Thursday, October 25, 2012

Electric Boogie by Dale Garman

I have always had an interest in the paranormal. While a student in high school during my 10th grade, I was enrolled in the gifted program. One of our assignments over the course of the school year was to produce a research paper on a topic of our vocational or avocational interest. When my gifted teacher reviewed the topic I had chosen, she kind of had a brow-bending look on her face – my topic was parapsychological phenomena. So, part of my research would involve learning about reports of apparitional experiences.

At that time, I had not experienced any personal encounters with ghosts – it was all purely hypothetical. It wasn’t until I was in my late 30s/early 40s (I can’t remember exactly what year this occurred) that I actually had an encounter.

While living in Sanford, FL, I decided to join a local community theatre – one of my other avocations. I joined the Shoestring Theatre in Lake Helen, FL. I was involved in a couple of plays working on the technical crew – Little Shop of Horrors and Little Women. It wasn’t until I had enlisted for my third production (Harvey – the one about the invisible rabbit LOL), I believe in the spring of 2002, that I heard that the theatre was supposedly haunted.

Rumor had it that some of the former cast and crew members in previous productions had seen a little girl and heard her singing at times. It was even mentioned in an article of the theatre’s newsletter once (see below).

Well, I witnessed two of three incidents that occurred over the course of the final weekend of the play, Harvey.

1st incident: On Saturday, as a few casts members were gathering backstage to prepare for the performance, the atmosphere was ELECTRIC. Everyone was excited – Saturday performances most always were, because many of the cast and crew had family and friends attending to see the performance on Saturdays – there was a lot of energy in the air, a vibrancy of the living. The handyman who built our sets came in to the room with his little, 4-or-5-year-old daughter trailing him. She was laughing and giggling and telling her Daddy – “look at the girl up there Daddy, she’s funny” – maybe not in those words, but you get the gist. What she was pointing at was the corner of the room where wall meets ceiling. There was nothing there. But, the little girl was seeing something which amused her.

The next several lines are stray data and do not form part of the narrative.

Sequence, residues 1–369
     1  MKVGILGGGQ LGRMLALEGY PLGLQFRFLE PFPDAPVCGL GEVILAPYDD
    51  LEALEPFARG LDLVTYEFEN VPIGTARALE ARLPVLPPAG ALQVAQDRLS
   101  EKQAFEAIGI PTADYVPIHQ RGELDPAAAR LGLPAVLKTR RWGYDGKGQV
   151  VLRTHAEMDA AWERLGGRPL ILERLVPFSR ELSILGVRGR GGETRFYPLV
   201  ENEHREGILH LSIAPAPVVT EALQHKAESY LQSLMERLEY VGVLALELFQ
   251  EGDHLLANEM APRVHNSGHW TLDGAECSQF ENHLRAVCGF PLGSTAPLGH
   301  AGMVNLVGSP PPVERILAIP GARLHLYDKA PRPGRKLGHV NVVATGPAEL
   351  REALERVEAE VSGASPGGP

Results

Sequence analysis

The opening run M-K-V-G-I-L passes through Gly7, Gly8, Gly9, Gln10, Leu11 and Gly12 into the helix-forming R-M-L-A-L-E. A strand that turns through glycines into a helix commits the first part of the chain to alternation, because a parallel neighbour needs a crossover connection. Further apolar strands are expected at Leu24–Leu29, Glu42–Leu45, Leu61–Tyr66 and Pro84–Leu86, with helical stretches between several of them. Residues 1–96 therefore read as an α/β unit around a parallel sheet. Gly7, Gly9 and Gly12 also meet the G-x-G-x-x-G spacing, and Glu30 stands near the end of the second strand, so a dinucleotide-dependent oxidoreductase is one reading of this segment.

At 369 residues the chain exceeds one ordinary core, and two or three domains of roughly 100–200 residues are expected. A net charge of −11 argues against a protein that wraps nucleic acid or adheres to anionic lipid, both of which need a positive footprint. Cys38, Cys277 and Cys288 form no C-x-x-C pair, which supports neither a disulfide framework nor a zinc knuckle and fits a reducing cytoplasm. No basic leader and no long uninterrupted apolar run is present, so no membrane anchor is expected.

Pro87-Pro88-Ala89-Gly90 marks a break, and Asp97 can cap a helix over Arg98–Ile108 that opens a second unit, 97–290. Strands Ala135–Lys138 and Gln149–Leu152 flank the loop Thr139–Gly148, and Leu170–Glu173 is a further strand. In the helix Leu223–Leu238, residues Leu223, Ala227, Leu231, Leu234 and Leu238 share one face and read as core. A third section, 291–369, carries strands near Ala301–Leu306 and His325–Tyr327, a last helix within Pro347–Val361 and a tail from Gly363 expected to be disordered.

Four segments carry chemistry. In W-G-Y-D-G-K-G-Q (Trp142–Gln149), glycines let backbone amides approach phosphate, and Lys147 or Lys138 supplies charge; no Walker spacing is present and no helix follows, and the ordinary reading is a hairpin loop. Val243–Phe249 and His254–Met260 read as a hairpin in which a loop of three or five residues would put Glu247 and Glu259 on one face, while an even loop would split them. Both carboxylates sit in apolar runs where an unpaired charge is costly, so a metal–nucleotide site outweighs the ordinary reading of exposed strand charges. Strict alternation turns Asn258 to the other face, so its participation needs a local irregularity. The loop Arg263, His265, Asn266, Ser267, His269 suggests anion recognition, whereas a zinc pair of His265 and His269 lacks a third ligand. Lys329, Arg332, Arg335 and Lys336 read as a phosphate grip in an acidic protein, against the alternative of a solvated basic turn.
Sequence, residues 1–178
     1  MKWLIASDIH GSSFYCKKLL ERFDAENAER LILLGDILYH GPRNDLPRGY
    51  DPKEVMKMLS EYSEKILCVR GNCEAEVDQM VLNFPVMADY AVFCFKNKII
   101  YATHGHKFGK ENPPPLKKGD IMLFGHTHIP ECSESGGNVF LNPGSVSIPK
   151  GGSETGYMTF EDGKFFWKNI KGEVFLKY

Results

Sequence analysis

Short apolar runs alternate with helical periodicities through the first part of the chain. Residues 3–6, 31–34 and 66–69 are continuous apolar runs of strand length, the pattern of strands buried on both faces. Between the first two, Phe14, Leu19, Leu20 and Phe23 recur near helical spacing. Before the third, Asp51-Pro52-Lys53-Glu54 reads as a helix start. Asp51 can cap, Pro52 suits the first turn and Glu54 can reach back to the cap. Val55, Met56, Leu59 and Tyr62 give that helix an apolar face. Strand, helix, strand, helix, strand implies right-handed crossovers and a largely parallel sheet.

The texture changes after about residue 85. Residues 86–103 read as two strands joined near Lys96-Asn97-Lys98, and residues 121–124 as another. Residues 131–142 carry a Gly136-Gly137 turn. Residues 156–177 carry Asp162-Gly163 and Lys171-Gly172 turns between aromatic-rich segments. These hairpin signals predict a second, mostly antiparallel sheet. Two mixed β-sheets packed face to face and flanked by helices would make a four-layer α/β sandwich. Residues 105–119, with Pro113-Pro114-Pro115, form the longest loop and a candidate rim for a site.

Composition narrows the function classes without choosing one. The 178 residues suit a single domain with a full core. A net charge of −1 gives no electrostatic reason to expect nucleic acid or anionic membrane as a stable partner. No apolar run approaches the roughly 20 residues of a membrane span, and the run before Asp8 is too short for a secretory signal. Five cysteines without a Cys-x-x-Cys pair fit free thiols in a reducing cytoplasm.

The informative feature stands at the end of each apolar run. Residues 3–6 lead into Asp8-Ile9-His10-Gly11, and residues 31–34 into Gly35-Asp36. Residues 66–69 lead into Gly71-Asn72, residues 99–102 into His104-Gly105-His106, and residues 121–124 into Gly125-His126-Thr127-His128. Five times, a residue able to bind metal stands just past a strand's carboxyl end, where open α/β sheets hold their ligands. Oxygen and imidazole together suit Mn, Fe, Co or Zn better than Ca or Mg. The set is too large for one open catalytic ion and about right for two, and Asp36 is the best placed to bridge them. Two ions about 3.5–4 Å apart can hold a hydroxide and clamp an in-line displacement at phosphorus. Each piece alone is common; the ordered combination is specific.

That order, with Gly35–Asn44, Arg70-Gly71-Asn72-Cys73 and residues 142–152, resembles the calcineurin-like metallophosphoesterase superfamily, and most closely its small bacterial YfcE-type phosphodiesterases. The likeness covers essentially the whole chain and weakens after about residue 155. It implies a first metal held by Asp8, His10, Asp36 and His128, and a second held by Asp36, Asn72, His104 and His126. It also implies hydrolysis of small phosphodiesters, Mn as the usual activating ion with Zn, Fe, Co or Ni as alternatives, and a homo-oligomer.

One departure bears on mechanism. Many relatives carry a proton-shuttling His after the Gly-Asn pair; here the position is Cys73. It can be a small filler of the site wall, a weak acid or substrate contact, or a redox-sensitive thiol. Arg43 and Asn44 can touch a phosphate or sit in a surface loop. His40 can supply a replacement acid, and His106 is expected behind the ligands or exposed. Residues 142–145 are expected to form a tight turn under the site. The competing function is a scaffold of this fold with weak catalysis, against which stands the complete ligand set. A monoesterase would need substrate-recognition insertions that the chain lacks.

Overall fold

2nd incident: That same night, I was backstage in the men’s dressing room with another actor preparing for our final scene. As we were getting dressed, we were standing face-to-face talking to each other. At the same instant during our conversation – his eyes veered to the right and my eyes veered to the left – while the hair on both of our necks stood up. A noise had interrupted our conversation. To our side was the bathroom for the men’s dressing room where a paper towel roll was rapidly and frantically unrolling itself to the floor. It was a full roll – and it all ended up on the floor.

3rd incident: As I was on the technical crew also for Harvey, part of my job was to make sure the actors and actresses were ready for their cue. During our Sunday performance, I went to find one of the actresses due on stage. When I went to the women’s dressing room, she was pounding on the door and yelling “Let me out.” I simply turned the knob to the door – no problem. Asking her why she couldn’t open the door, she said it had slammed and she heard a female voice scream “No!!!” as it slammed. All her efforts to open the door yielded nothing but a jammed door.

So, there’s my story. I never actually saw a little girl or heard any vocal utterings from the supposed apparition that haunts the theatre. But, I am convinced to this day that there were no “tricks” being played – no fishing lines or pulleys or anything like that. Believe me - that paper towel roll was moving at an astounding speed and any wires or pulleys being used to guide the feat would have become tangled – it’s Murphy’s Law. And, if the handyman’s little daughter was just putting on a performance, then, I hope to see her one day on Broadway – because she was very convincing. As for the jammed door – your guess is as good as mine.

I was never in fear for my or others’ safety while witnessing these incidents. It’s almost as if the unseen presence was playful. Just an unseen presence, wanting to dance with mere mortals - like electricity wanting us to dance the…

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